5-6 JUNE 2018 / Tour & Taxis / Brussels

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Demography and development

The world population crossed the 7 billion threshold in 2011 and should reach 11.3 billion in 2100, according to the United Nations Population Fund. Today, Least Developed Countries (LDCs) account only for 13% of the world's population, but they should equate the population of the more developed countries by 2030 and continue growing until 2100. African countries will carry the biggest share of this growth, particularly due to sustained population growth in Sub-Saharan Africa. Meanwhile, population of industrialized countries is plateauing and that from other developing countries will stabilise after reaching a maximum in 2070. This global picture makes clear that the evolution of demography and its multiple consequences is indeed one of the greatest challenges for development cooperation.

Both mortality and fertility indicators set Sub-Saharan Africa apart. It has the highest fertility rates with an average of 5.1 children per woman in 2010-5 (compared to a world average of 2.5 children) and the lowest life expectancy at birth at 59.2 years (world average is 71.6 years). In light of these developments, within the next 15 years some 375 million youth in Sub-Saharan Africa will reach employment age with very low perspectives to be integrated into the labour market.

This raises multiple challenges, from those related to high dependency burdens and the shortage of resources to invest in human capital, to the risk of political instability. Yet, as shown by the East Asia's experience, a growing share of working adults in the population may be of great benefit if they can find productive employment and thereby raise labour productivity and increase real income. Better harnessing demographic dividends in Africa implies to put in place the necessary adjustments to turn demographic trends into development opportunities.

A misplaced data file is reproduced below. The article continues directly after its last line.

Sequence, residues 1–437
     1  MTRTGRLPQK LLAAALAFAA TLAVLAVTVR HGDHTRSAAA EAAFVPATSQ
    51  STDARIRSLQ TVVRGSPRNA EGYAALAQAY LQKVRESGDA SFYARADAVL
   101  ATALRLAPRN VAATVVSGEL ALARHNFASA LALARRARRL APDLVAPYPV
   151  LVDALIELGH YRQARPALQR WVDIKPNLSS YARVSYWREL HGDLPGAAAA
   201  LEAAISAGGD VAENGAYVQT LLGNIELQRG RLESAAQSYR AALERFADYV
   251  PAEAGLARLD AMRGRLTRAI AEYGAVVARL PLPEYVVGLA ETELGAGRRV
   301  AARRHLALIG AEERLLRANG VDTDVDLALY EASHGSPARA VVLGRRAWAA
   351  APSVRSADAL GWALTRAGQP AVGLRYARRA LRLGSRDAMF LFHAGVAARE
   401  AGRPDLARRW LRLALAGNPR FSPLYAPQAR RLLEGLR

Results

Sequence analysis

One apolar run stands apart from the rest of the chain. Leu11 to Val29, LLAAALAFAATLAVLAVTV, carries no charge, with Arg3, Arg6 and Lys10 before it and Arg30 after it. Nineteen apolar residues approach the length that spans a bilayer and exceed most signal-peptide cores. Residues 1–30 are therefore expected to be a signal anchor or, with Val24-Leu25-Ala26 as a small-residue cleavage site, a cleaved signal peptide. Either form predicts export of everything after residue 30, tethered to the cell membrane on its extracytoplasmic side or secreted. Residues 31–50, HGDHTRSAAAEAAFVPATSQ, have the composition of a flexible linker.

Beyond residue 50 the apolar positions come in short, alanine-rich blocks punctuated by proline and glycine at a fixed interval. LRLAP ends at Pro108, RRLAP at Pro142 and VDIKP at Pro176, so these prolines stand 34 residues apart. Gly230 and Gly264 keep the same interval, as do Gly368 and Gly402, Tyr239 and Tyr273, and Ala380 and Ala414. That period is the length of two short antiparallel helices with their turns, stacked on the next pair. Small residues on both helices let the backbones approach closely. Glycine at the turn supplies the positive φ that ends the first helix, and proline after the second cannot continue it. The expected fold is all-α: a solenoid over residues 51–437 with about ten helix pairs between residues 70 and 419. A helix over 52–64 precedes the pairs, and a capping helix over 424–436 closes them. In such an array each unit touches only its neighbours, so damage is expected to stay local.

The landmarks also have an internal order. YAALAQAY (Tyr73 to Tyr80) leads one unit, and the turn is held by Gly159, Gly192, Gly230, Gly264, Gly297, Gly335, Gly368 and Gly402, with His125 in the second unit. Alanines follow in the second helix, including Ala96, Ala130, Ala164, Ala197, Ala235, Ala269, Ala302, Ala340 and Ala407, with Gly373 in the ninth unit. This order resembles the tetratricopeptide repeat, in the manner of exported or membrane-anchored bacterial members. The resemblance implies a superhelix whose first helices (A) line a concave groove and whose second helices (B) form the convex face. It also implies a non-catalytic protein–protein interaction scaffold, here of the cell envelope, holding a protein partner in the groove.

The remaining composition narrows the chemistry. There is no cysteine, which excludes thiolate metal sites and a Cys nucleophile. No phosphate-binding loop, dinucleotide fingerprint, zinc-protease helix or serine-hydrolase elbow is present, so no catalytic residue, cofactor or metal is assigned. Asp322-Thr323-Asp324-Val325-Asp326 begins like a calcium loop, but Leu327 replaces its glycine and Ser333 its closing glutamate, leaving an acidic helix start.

Many countries with rapidly growing populations are threatened by hunger or deforestation; others are struggling with conflict or political instability. Fragile states are typically countries where the population growth is the fastest in the world. While progress is not precluded, population growth in these countries is a challenge multiplier. In terms of food security, hunger and malnutrition, while significant progress has been made in reducing global hunger, most of the progress has occurred in countries with relatively low fertility rates. Where fertility rates remain high, the battle against hunger has yet to be won.

Biodiversity loss, deforestation and land erosion are specific long-term consequences of over-exploitation that are intimately connected to demographic pressure. Investments in sustainable agriculture, water conservation, habitat preservation and reforestation are crucial to boost food security, preserve biophysical resources and increase resilience to climate change, conflict and other threats associated with demographic growth. In these countries, an evermore refined understanding of the potential impact of demographic pressure is crucial to design adequate policies and anticipate responses.

Related sessions

Demography and development
auditorium A1
8 June
09:00 to 10:30
Demography and development
debate D5
7 June
09:30 to 10:45
Demography and development
debate D1
8 June
10:45 to 12:00
Demography and development
debate D5
8 June
13:30 to 14:45
Demography and development
debate D4
8 June
15:15 to 16:30
Demography and development
project S1
7 June
18:00 to 19:15
Demography and development
stand
Demography and development
performance Cinémobile
Demography and development
exhibition